dmfinn writes "It was back in 2011 when Stefano Ampollini and two accomplices cheated a French casino out of over €90,000 thanks to the help of Chinese-made infrared contact lenses. According to French authorities, Ampollini and two casino workers marked cards using an invisible liquid that would be picked up by the infrared lenses, which Ampollini then used to read his competitors' cards. Though the contacts themselves cost over €2,000, the crew managed to take €71,000 in their first night. However, the trio was finally caught when a lawyer working for the casino became suspicious after Ampollini folded with an unbelievably good hand, which suggested he knew the croupier's cards. This week, a French court sentenced Ampollini to two years in prison and a €100,000 fine. His main accomplice was handed an even harsher sentence; he was forced to pay the same fine and given a 36-month sentence. It appears, despite their best efforts and advanced tactics, that the men were still unable to beat the house without raising significant alarms. So, at least for now, it seems modern technology still can't simulate good old 'luck.'"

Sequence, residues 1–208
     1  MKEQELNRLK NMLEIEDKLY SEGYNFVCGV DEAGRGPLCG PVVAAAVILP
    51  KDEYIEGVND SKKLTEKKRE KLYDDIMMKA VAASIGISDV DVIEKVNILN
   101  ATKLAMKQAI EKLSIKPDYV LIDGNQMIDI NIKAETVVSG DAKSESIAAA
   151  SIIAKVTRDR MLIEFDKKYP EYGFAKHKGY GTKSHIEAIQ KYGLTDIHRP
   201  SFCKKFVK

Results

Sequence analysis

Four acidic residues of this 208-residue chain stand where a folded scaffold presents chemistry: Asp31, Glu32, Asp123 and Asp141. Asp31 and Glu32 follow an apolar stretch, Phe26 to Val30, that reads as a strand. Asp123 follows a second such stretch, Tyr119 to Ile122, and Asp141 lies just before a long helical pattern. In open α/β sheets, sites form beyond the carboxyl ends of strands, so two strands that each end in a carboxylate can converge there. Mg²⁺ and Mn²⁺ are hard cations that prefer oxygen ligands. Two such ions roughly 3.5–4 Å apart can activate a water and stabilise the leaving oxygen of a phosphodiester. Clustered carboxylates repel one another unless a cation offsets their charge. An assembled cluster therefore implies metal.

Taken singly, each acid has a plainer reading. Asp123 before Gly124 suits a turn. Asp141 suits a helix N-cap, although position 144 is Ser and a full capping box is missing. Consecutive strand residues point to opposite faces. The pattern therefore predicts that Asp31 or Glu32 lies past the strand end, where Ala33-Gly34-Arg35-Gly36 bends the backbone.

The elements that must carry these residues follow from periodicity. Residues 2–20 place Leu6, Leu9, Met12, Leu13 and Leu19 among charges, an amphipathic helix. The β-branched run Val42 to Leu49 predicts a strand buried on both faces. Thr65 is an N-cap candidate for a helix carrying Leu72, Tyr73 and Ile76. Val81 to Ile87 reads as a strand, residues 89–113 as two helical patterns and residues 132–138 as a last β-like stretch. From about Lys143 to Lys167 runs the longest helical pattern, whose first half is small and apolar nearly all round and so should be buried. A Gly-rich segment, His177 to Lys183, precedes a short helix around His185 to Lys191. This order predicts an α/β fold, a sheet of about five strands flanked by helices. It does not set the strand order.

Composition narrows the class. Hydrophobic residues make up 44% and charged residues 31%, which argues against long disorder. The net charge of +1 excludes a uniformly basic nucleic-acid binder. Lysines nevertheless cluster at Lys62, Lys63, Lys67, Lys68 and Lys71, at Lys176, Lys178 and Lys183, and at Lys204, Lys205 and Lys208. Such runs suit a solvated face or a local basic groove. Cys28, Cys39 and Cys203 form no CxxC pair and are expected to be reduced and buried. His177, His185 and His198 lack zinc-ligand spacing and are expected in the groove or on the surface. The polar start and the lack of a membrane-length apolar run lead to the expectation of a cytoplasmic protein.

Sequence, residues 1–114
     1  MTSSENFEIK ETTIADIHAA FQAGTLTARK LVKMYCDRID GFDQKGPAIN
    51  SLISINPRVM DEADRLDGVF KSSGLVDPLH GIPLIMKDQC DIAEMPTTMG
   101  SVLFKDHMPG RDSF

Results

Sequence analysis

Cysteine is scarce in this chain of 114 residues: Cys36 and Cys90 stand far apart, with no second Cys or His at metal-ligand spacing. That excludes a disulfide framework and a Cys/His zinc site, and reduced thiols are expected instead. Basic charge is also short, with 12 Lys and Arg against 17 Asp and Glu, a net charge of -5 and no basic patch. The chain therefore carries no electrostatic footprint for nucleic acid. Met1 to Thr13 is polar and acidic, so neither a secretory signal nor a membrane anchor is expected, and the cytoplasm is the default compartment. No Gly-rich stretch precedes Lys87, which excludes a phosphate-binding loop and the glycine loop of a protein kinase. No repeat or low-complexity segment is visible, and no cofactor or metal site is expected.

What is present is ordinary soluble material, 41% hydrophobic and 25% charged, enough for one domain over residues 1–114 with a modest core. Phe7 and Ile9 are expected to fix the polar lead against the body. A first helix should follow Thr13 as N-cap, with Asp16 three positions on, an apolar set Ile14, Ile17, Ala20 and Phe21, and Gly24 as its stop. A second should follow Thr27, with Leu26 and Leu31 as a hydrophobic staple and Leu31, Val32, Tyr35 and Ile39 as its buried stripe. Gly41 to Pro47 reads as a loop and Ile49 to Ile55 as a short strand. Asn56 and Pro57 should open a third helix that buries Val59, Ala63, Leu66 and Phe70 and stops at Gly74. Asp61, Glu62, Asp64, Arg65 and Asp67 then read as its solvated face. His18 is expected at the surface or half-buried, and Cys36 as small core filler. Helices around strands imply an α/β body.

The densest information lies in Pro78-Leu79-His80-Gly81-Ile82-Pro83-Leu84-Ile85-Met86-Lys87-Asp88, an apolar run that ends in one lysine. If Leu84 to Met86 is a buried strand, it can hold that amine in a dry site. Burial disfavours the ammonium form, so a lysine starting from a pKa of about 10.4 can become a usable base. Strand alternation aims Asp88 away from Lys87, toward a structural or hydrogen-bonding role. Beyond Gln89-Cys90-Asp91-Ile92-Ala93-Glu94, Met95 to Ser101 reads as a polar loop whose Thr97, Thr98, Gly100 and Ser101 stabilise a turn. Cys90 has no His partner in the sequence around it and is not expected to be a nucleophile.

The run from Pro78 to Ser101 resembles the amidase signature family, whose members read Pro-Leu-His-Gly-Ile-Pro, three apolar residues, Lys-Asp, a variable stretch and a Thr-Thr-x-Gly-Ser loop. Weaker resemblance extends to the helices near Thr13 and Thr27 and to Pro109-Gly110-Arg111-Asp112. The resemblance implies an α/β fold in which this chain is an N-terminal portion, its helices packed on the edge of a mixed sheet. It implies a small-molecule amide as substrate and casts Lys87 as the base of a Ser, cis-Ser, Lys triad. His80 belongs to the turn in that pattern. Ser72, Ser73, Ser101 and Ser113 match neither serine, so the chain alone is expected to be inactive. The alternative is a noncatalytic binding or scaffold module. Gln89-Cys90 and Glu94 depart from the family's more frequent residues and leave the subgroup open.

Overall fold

wabrandsma sends this story from New Scientist: "A sensor previously used for military operations can now be tuned to secretly locate and record any single conversation on a busy street. [A] Dutch acoustics firm, Microflown Technologies, has developed a matchstick-sized sensor that can pinpoint and record a target's conversations from a distance. Known as an acoustic vector sensor, Microflown's sensor measures the movement of air, disturbed by sound waves, to almost instantly locate where a sound originated. It can then identify the noise and, if required, transmit it live to waiting ears. Security technologist Bruce Schneier says this new capability is unwelcome – particularly given the recent claims about the NSA's success at tapping into our private lives. 'It's not just this one technology that's the problem,' Schneier says. 'It's the mic plus the drones, plus the signal processing, plus voice recognition.'"